The Kansas City Star has an article about a study from the National Senior Citizens Law Center discussing clauses in nursing home agreements that violate the law. Some admission agreements skirt state and federal laws, misleading consumers about the care they can expect and inducing them to sign away critical consumer protections. Advocates for the elderly said the study raised serious questions about how some nursing homes operate.
The National Senior Citizens Law Center, a Washington-based nonprofit legal advocacy group for seniors and elder-care lawyers, reviewed 175 admission agreements voluntarily provided by nursing homes. The study found agreements which improperly limited a nursing home’s obligations. Others allowed discharges for vague reasons, or stuck relatives with bills they legally didn’t owe.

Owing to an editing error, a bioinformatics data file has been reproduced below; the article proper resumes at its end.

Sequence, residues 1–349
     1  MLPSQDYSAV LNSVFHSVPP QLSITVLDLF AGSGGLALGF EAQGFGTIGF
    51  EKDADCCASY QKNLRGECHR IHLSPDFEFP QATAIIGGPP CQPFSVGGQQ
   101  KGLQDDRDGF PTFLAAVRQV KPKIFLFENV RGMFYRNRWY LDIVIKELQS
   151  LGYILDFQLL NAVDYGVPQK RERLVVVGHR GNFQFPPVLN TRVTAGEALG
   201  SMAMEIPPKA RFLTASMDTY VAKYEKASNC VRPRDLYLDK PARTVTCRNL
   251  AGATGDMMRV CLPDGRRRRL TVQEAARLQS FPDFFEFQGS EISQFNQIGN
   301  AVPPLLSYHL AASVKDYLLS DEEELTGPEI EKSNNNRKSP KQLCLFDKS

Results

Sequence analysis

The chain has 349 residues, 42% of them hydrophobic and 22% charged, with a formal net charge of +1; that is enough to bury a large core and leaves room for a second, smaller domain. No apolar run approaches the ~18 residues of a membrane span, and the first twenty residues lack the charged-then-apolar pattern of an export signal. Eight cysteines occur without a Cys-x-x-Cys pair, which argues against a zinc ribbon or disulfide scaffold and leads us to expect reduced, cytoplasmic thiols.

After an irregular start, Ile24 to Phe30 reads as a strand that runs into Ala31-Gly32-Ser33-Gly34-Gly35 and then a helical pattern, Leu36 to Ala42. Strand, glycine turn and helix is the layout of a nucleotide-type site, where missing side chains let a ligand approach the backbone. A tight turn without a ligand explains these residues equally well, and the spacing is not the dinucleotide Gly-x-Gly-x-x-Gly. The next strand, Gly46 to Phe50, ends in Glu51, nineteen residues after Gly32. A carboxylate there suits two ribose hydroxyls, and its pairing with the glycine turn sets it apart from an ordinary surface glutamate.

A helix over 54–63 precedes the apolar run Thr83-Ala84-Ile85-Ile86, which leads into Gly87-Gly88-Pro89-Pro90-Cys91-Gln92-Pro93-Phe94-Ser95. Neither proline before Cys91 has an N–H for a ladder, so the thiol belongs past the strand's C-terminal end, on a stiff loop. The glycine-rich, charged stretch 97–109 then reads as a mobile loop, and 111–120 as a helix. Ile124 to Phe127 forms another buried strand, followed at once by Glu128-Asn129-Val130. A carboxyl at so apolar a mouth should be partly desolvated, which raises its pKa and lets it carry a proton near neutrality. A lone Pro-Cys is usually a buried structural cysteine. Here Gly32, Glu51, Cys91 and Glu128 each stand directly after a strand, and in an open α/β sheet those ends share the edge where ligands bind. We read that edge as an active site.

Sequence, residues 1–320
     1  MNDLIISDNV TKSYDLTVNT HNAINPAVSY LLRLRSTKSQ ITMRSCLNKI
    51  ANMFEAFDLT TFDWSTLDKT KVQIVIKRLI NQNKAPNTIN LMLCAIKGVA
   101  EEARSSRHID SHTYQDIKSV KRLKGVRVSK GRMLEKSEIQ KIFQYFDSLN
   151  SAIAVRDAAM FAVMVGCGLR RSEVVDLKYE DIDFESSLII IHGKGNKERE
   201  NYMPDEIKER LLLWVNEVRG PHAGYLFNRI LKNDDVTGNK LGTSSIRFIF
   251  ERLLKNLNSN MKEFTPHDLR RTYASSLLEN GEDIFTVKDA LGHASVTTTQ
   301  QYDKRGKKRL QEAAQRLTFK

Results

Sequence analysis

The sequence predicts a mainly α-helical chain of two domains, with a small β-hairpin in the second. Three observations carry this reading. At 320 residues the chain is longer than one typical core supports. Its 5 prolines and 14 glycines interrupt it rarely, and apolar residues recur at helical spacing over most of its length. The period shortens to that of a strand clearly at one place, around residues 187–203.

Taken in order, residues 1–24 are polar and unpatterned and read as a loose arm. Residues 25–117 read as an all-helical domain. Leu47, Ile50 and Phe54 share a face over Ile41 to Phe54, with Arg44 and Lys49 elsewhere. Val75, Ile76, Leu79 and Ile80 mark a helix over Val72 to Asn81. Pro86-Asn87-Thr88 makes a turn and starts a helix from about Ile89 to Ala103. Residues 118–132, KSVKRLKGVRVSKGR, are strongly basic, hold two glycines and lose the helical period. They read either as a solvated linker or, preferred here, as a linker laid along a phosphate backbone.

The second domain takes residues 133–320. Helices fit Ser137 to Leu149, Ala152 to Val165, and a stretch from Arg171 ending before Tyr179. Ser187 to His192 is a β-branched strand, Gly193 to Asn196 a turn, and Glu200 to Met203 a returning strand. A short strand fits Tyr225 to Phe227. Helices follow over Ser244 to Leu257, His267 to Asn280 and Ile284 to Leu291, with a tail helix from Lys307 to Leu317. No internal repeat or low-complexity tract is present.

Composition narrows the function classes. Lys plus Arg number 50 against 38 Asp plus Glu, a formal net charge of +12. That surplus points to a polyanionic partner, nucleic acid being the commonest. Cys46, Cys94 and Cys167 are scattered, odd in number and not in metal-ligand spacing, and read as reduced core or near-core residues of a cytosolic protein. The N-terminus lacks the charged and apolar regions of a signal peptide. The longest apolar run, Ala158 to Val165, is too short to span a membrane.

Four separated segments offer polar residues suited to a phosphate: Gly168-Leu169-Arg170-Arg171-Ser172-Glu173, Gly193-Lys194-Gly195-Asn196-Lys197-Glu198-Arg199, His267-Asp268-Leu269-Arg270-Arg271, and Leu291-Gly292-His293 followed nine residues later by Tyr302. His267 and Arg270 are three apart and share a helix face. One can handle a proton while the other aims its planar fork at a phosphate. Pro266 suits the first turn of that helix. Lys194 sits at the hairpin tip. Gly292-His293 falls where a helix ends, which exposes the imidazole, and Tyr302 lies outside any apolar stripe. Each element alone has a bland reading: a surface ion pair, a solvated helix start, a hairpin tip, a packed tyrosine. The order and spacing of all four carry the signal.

Toby S. Edelman, a spokesman for the Center for Medicare Advocacy in Washington, said similar studies in other states also show “ongoing concerns” with nursing home agreements.
The Missouri study found that nursing homes protect themselves by persuading seniors to waive their right to a jury trial. In 18 percent of the agreements, seniors were required to submit a dispute to arbitration, rather than sue in court. Trial lawyers contend they have successfully fought the provisions in court as unconstitutional and unenforceable in health-care cases.
The study contends the agreements also thwart federal law by inserting provisions making it easier to evict residents. Federal law sets out six conditions that justify evicting a resident.
Carlson, the study’s author, said that under the federal reform law nursing homes cannot require a relative or a friend to become financially liable for nursing home expenses. Yet, the study found that 19 percent of the admission agreements required a financial guarantee “in direct violation” of federal law. Such “co-guarantor clauses” are becoming more common.